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Resource Rights

Marking World Water Day 2019

Millions of people around the world have a lack of access to safe drinking water. Particularly in the aftermath of Cyclone Idai, the people of Mozambique, Malawi and Zimbabwe are at risk of contracting illnesses through dirty drinking water and a major focus of Trócaire’s relief efforts will be providing access to safe, clean water.

Safe water is one of the most challenging global issues: 

  • 2.1 billion people live without safe water at home. 
  • Around 4 billion people – nearly two-thirds of the world’s population – experience severe water scarcity during at least one month of the year.  
  • More than 700 children under five years of age die every day from diarrhoea linked to unsafe water and poor sanitation. 
  • Women and girls are responsible for water collection in eight out of ten households with water off-premises 

In 2010, the UN recognised “the right to safe and clean drinking water and sanitation as a human right that is essential for the full enjoyment of life”.   

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Mariatu Kamara is a 43-year-old farmer living in in north-western Sierra Leone. Photo : Andrea Sciorato

“We have been struggling all our lives with poor water provision” 

Mariatu operates a hand-pump from in her village, and life-giving water flows from this new well. 

Mariatu collects the water, and she will bring it back a short distance to her home. She will use the water for her daily farming activities, for washing clothes and for providing safe drinking water for her family. 

It wasn’t always as easy.

Mariatu Kamar, 43, lives with her husband and children, aged from 3 to 8 years, at the far end of her village. Mariatu has had a challenging life. She lost her first husband, and despite remarrying, she is often alone farming and caring for the family while her husband is out of the village for work.

Clean and safe water is essential for Mariatu and her family to survive. Yet Sierra Leone is one of the poorest countries in the world, having been devastated by civil war and the ebola crisis. As a result, access to safe water and sanitation is a challenge across the country.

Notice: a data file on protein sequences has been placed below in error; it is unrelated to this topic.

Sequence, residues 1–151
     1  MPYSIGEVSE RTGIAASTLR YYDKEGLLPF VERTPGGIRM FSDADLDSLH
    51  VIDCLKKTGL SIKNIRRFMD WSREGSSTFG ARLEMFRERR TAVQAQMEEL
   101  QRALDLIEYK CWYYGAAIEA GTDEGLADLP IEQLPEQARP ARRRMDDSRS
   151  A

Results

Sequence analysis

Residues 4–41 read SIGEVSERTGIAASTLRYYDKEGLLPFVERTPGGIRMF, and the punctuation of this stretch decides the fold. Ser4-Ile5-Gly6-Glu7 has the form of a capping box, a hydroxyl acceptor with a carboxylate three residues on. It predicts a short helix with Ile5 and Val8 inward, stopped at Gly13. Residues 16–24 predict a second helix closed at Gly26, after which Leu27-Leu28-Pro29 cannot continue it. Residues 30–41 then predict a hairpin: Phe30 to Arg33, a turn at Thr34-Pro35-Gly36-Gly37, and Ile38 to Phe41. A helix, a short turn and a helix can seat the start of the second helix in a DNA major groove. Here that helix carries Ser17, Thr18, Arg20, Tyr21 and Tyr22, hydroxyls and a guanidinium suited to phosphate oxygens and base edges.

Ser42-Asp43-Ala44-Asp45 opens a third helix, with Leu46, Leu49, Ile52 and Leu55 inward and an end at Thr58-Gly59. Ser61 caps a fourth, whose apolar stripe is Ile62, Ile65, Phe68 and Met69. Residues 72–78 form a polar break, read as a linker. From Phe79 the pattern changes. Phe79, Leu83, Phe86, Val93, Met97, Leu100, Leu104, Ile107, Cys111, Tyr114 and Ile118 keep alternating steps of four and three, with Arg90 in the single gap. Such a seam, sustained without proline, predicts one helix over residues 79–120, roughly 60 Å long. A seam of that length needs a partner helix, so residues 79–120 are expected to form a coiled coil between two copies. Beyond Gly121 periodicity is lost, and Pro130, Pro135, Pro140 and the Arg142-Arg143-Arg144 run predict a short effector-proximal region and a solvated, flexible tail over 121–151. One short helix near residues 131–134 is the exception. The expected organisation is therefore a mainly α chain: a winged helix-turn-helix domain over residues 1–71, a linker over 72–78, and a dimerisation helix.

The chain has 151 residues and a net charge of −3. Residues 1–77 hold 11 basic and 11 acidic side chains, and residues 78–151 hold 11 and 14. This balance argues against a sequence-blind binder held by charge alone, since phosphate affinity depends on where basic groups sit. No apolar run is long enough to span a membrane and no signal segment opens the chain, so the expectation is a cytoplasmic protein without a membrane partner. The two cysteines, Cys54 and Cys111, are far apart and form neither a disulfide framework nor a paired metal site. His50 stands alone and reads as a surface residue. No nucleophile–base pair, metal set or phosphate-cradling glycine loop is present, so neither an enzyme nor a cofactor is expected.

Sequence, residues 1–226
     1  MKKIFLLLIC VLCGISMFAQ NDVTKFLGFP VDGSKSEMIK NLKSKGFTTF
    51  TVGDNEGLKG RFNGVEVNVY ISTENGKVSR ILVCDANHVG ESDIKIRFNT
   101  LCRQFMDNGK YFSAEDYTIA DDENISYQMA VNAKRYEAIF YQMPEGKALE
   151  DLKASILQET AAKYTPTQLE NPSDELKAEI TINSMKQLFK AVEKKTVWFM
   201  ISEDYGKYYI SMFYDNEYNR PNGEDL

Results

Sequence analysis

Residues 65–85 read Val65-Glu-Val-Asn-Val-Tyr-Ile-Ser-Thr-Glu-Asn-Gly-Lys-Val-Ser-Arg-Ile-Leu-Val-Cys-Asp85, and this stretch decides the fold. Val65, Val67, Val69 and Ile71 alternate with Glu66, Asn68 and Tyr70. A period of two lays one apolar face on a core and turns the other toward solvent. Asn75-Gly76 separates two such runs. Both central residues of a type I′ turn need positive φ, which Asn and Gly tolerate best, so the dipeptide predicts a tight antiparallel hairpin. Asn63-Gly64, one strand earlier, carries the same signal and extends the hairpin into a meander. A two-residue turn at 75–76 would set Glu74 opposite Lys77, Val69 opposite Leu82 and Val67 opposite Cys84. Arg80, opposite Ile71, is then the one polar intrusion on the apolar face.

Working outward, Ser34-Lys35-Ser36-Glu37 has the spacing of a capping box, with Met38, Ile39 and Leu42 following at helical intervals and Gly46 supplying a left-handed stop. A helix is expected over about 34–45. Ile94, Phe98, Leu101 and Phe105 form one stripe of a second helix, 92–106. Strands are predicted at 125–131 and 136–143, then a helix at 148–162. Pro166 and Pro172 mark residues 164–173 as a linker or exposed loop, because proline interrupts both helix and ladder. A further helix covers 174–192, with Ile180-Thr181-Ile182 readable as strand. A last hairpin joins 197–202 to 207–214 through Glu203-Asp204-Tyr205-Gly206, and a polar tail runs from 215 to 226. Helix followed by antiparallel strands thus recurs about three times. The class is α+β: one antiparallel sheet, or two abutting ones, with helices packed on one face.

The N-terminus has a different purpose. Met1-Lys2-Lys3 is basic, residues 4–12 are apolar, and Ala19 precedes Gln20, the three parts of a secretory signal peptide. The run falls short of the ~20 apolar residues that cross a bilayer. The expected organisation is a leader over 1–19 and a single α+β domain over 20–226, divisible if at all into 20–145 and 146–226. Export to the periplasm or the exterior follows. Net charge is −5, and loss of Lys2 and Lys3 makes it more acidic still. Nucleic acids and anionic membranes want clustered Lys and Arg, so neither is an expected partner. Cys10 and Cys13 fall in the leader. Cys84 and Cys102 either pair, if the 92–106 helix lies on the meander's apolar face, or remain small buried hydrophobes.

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Mariatu operates the new well in her village. Photo : Andrea Sciorato

“Getting water has not always been this easy”, Mariatu says, “With my family, we have been struggling all our lives with poor water provision.” 

Before the well was constructed, the closest water point was a swamp located one mile away from the village. The water from the swamp was not clean, and carrying that water to her home was almost impossible for Mariatu. 

“This situation affected every aspect of our family life. Not only primary needs such as drinking or cooking, but also the possibility to give my children clean school uniforms”.

MY water supply has tripled

Only a few metres away from her home is the recently-built community well. Mariatu has been able to triple the amount of water available for her family thanks to the new well, constructed by Trócaire’s local partner organisation KADDRO.  

Mariatu is now able to collect water from the hand-pump by herself. She saves time and money which she can now invest in increasing her income from her farming activities.

“As a woman, I feel safer now, having the well so close to my house and not having to walk long distances to collect water”.

Our work across the world to support families like Mariatu’s wouldn’t be possible without your generous support. Thank you for continuing to support us and we hope you will consider donating to our 2019 Lent appeal

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